Tuesday August 15 2017
Simone's turn to shine

Always in the shadow of his older brother as a player, Simone has emerged as the real coaching talent of the Inzaghi family, writes Susy Campanale.

If you are the youngest in the family, you’ll know the feeling of being last to every milestone. If you happen to be in the same line of work as your elder sibling, then that just makes it even worse. As Niles Crane said to Frasier: “By the time I get around to it, it’s all chewed meat!” But, of course, Niles proved to the best character in that show and Simone is emerging as the coaching star of the Inzaghi tribe.

This wasn’t the case as a player, of course, because SuperPippo was – as the nickname suggested – beyond the ordinary. Simone netted four in one European match, but it was more of a curio than a genuine achievement. Pippo got the most prestigious trophies at Juventus, Milan and for Italy, he was clearly the better striker and quite rightly is held in high esteem as one of the best hitmen in Serie A history. Granted, his technique was questionable, he was always offside and ran like a confused baby flamingo, but the man knew how to score goals. As Carlo Ancelotti famously put it: “He is in love with the ball and the feeling is mutual.”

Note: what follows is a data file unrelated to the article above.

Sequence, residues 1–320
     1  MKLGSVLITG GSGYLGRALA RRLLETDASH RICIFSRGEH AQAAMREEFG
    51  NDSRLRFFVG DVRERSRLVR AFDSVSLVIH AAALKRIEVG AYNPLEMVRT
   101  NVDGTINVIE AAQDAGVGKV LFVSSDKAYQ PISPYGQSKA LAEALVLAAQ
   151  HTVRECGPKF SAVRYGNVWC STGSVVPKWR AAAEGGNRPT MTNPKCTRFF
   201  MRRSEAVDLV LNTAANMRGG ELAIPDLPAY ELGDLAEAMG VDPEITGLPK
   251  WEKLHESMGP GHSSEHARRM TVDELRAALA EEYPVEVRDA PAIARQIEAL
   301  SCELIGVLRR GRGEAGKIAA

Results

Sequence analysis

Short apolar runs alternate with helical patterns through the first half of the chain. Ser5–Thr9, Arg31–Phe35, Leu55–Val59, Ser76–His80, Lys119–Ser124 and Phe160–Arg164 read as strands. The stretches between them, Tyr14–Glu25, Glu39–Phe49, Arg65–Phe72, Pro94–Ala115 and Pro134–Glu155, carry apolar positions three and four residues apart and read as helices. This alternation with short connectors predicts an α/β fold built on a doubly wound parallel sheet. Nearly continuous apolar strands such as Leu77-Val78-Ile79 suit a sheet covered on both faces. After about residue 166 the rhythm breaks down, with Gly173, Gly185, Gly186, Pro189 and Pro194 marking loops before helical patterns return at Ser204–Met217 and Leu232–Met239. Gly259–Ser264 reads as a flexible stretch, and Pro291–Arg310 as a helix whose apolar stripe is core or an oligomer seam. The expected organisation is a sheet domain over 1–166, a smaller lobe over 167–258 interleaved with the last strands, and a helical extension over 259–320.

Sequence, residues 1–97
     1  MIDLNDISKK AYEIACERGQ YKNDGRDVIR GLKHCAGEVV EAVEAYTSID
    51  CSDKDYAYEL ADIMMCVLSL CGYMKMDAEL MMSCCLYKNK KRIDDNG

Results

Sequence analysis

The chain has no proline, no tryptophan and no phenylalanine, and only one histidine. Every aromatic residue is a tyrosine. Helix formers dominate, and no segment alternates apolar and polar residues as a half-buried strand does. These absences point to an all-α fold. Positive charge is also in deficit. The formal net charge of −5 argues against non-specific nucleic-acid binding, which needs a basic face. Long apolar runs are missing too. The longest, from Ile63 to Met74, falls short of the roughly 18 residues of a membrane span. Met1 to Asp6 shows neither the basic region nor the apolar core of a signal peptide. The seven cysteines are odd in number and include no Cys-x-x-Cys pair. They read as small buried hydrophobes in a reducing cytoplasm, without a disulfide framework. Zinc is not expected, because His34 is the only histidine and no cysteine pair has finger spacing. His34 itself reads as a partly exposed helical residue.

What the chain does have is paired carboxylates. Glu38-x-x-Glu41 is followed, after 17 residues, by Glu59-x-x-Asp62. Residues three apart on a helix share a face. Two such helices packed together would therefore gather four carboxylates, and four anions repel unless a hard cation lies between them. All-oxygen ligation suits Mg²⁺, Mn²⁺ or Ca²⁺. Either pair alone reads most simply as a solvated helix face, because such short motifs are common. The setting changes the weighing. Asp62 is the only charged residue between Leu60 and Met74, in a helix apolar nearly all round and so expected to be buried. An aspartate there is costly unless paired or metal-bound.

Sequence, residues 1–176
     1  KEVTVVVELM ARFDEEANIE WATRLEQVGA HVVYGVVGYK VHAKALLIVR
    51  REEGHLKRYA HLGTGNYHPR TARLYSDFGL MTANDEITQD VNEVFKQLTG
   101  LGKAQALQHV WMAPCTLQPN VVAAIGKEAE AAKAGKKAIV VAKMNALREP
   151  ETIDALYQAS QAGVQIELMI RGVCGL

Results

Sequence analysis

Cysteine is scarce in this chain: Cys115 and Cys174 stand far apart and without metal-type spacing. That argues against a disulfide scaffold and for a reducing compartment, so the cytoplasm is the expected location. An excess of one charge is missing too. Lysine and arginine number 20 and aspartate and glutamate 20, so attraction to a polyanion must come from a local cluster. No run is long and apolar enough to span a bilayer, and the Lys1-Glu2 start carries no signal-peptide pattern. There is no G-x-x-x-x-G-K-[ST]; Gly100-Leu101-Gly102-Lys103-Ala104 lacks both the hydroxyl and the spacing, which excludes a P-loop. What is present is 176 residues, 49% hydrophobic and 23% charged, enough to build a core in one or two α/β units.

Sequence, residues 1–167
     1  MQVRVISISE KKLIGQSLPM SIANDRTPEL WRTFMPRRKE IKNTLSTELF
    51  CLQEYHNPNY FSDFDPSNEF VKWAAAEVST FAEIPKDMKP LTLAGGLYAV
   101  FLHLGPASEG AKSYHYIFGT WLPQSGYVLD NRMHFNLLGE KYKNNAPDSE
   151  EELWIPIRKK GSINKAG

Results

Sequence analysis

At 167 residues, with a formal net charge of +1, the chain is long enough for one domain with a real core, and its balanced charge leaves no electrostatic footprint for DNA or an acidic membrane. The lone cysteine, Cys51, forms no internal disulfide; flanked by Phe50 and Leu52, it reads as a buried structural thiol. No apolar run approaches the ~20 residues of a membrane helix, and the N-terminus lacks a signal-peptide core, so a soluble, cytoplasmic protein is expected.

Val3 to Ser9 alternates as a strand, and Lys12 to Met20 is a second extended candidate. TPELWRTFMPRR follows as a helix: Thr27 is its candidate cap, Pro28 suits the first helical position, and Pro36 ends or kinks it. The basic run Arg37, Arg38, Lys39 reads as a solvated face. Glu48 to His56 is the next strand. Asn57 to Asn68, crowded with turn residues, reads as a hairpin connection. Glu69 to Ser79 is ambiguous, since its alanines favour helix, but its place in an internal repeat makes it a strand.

Simone was a bulkier figure, a slower player and less likely to be on the end of every rebound. Pippo was pure instinct and attitude, Simone tried to reason his way towards the goal. It’s perhaps no wonder that the younger Inzaghi became the better Coach. Instinct is impossible to teach and also a pretty good indicator you weren’t paying much attention to tactics in training. There is a reason why most ex-players who go on to be Coaches tend to be defenders or midfielders, as they were the ones whose movements were strictly regimented.

Nobody really expected much from Simone Inzaghi when he took over as stop-gap solution not once, but twice, the second time running to the rescue after Marcelo Bielsa’s abandonment. He brings a sense of genuine belonging to Lazio, having succeeded here as a player, and watched the homegrown talents like Italian Super Cup winner Alessandro Murgia come up through the youth academy. He put his trust in Thomas Strakosha, who went from third choice to first in goal, and was rewarded handsomely. He got the best out of Ciro Immobile and Felipe Anderson, saw the Keita Balde Diao problem coming a mile off and never complained about the lack of spending at the club.

Now Simone Inzaghi has taken the Aquile to their first silverware since the Coppa Italia in 2013 and nobody, not even the most fervent Juventus supporter, could argue he didn’t deserve it. If a top five finish and the Coppa Final was an immense achievement, the tactician just proved with the Supercoppa that he is no fluke. Lazio totally outplayed the Bianconeri and did it without arguably his two best forwards. If Felipe Anderson or Keita had been on the pitch, Juventus would’ve conceded a lot more than three goals.